(2)   In a decision dated 15 June 2007, the Ukrainian National Security and
Defense Council ("UNSDC") recommended that the President of Ukraine add
the following provisions to the principal guidelines of the State's Policy
of Ensuring Ukraine's Energy Security, approved by the Ukrainian President's
Edict No. 1863 dated 27 December 2005: "creation of stable, predictable and
transparent conditions for investment in the fuel and energy industry by
improving the legislation without prejudice to international standards".

Also, according to the UNSDC decision, the GOU was instructed to approve
and implement, by the end of 2007, measures to improve the procedure for
attracting investment in the exploration and production of Ukrainian
hydrocarbons, in particular hard-to-extract and depleted reserves.

(3)   By his Decree No. 842 dated 7 September 2007 the President of Ukraine
approved a plan for stabilizing the natural gas market and instructed the
GOU to draft a law whereby investors would be involved in oil and gas
projects through tenders.

Unfortunately, to date, these good intentions have not been implemented. In
practice, in 2007 the GOU continued to carry out hostile policies against
investors and cultivated an unpredictable, contradictory and arbitrary
regime for investment in the energy sector.

It remains to be seen whether the new Rada and the new GOU will introduce
serious positive changes in the energy sector and the good intentions will
be implemented in practice.
[return to index] [U.S.-Ukraine Business Council Monitoring Service]
Michael Kirst, Vice President, Central and Eastern European Fuel
Westinghouse Electric Company
Washington, D.C., Stockholm, Sweden
Published by the U.S.-Ukraine Business Council (USUBC)
Washington, D.C., Wednesday, January 9, 2008

WASHINGTON/STOCKHOLM - Westinghouse is nearing the completion
of an almost decade long effort to provide a nuclear fuel alternative to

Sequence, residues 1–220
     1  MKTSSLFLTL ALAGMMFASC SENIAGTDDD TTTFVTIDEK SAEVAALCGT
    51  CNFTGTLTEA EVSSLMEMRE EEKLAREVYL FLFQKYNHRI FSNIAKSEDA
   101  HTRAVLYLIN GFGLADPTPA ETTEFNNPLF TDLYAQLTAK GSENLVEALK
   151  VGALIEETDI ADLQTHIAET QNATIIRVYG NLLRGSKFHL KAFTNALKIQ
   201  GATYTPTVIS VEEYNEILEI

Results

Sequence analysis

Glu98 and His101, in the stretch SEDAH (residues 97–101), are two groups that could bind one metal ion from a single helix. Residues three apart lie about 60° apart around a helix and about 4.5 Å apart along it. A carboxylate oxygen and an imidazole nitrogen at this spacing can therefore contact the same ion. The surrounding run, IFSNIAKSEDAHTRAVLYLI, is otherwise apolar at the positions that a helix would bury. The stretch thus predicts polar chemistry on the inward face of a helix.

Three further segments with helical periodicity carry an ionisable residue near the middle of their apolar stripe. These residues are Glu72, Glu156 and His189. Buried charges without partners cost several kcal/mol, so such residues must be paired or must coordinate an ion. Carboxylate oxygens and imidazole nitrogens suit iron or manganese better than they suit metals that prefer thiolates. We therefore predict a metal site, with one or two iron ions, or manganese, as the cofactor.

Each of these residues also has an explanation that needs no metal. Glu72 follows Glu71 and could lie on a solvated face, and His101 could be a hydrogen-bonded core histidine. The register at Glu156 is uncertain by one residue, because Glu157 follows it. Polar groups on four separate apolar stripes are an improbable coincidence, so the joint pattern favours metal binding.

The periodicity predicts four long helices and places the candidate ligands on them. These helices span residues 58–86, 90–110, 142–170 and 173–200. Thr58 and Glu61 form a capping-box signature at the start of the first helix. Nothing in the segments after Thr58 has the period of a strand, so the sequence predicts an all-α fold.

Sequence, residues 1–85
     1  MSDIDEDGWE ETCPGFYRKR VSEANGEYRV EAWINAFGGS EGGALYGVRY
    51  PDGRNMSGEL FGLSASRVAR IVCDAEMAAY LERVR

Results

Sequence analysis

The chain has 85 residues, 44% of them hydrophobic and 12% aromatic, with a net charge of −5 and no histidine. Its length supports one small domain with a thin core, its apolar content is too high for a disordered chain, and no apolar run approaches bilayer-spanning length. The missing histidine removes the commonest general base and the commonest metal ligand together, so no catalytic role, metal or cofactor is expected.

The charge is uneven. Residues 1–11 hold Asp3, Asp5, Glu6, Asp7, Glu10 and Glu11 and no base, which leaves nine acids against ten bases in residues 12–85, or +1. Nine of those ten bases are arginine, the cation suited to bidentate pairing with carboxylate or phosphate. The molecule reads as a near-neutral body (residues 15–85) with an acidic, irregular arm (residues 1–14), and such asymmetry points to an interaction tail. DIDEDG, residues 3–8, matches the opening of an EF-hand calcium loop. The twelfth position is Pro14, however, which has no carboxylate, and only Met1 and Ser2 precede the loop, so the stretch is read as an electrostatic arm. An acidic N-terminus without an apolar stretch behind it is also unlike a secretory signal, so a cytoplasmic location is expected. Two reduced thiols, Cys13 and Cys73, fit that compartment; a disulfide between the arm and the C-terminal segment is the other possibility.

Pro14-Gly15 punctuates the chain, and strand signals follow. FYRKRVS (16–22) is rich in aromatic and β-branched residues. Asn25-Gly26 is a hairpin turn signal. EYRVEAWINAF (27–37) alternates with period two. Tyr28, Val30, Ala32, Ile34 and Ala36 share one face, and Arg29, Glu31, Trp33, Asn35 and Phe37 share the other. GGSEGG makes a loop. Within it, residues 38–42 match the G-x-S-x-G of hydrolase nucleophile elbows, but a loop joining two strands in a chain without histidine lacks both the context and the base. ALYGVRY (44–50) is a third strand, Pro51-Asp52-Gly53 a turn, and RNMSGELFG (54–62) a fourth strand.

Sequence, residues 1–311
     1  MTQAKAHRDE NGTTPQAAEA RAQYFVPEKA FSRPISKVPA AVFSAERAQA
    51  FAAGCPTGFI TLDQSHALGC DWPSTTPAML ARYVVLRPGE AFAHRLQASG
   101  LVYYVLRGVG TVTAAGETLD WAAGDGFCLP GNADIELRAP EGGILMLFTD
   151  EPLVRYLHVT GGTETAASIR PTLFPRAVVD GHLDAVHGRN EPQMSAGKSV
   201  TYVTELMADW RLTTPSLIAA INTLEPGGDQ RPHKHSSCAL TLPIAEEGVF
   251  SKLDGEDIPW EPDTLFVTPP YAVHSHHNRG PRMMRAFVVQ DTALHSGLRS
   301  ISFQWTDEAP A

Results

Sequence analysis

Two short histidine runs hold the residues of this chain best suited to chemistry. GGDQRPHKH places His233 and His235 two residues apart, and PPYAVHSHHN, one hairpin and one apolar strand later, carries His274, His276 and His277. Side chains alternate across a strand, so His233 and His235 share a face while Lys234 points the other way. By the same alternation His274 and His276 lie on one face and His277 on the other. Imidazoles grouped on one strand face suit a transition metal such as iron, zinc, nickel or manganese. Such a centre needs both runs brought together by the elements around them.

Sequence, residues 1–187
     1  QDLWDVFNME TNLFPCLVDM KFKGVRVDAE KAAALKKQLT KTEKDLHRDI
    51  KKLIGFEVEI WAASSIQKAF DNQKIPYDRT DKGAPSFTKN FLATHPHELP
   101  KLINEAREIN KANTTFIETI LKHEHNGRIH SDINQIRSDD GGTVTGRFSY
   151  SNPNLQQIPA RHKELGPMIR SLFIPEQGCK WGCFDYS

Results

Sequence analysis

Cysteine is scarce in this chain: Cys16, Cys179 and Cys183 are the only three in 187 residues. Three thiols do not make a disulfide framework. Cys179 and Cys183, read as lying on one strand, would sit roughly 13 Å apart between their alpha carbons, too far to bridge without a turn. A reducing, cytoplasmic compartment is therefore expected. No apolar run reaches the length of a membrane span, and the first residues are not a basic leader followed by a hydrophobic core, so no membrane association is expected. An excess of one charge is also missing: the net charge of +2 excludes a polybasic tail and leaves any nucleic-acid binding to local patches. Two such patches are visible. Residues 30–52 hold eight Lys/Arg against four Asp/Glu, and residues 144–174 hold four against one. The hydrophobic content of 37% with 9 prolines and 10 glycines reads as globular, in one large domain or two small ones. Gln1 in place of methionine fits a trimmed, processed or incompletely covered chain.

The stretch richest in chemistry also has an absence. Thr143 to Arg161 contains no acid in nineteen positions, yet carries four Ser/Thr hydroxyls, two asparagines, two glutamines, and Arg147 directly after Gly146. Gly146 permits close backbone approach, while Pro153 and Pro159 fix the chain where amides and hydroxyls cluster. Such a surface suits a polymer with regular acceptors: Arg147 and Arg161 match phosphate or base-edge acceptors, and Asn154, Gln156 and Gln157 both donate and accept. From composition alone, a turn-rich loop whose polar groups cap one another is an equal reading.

Ukraine to assist in the creation of energy diversity and security for the

It is the expectation that a long-term fuel supply contract will be
completed by the first quarter of 2008 between Westinghouse and Ukrainian
nuclear generator Energoatom.


* As there are no other potential fuel providers in the world for
Ukrainian-type reactors, Westinghouse represents the sole option to ensure
security of supply in cases of poor fuel performance of the existing fuel
provider or unimpeded price demands due to having no competitive threat.

* Westinghouse has designed and manufacturing fuel for 8 different reactor
types throughout the world and have successfully entered as a second
supplier in Germany, Spain, Switzerland, France, Taiwan, South Africa and
Belgium.  Westinghouse has full confidence in its ability to also include
Ukraine on this list.

* Westinghouse fuel performance globally has a substantially better history
than any other manufacturer in the absence of fuel failures (leakers).  In
addition, its fuel design allows for the repair of a failed fuel rod to
permit further energy generation - saving Ukraine millions of dollars it has
lost historically with the current fuel in use which has not allowed repair.

* The Westinghouse fuel also is designed to consume less uranium, allowing
Ukraine to lower its overall costs in energy production, maximize its
domestic uranium reserves and lower the quantity and costs associated with
spent fuel compared to the current fuel provider

* Ukraine is intending to follow the same model as France which also
provided a contract to Westinghouse against its indigenous state-owned fuel
producer to create competition which led to overall price decreases and
performance improvements.  Westinghouse just increased its overall fuel
deliveries by 50 percent (18) reactors due to the success of this

* Westinghouse pledges to work with Ukraine in developing its own domestic
capabilities in fuel production.  Also, Ukraine may benefit through the
potential supply of Westinghouse's global needs as its nuclear plant designs
represent roughly half the world's operating plants and is considered to
have the next standard design for future needs - the AP1000.


Westinghouse has effectively cooperated, with additional assistance from the
US Government, to provide the most advanced nuclear safety systems
available for Ukraine's fleet.

It now wishes to pursue reactor power uprates and capacity increases of the
existing units and to offer its AP1000 reactor design for new generation.